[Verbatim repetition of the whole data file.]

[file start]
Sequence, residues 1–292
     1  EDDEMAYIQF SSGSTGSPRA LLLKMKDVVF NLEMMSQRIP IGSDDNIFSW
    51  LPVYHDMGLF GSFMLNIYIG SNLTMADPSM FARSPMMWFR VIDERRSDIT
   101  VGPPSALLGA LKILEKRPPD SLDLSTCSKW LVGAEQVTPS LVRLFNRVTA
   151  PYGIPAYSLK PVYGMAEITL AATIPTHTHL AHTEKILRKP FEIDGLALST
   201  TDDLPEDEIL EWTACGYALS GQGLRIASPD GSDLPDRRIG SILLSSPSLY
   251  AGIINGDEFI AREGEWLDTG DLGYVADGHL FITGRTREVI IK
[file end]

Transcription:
Sequence, residues 1–292
     1  EDDEMAYIQF SSGSTGSPRA LLLKMKDVVF NLEMMSQRIP IGSDDNIFSW
    51  LPVYHDMGLF GSFMLNIYIG SNLTMADPSM FARSPMMWFR VIDERRSDIT
   101  VGPPSALLGA LKILEKRPPD SLDLSTCSKW LVGAEQVTPS LVRLFNRVTA
   151  PYGIPAYSLK PVYGMAEITL AATIPTHTHL AHTEKILRKP FEIDGLALST
   201  TDDLPEDEIL EWTACGYALS GQGLRIASPD GSDLPDRRIG SILLSSPSLY
   251  AGIINGDEFI AREGEWLDTG DLGYVADGHL FITGRTREVI IK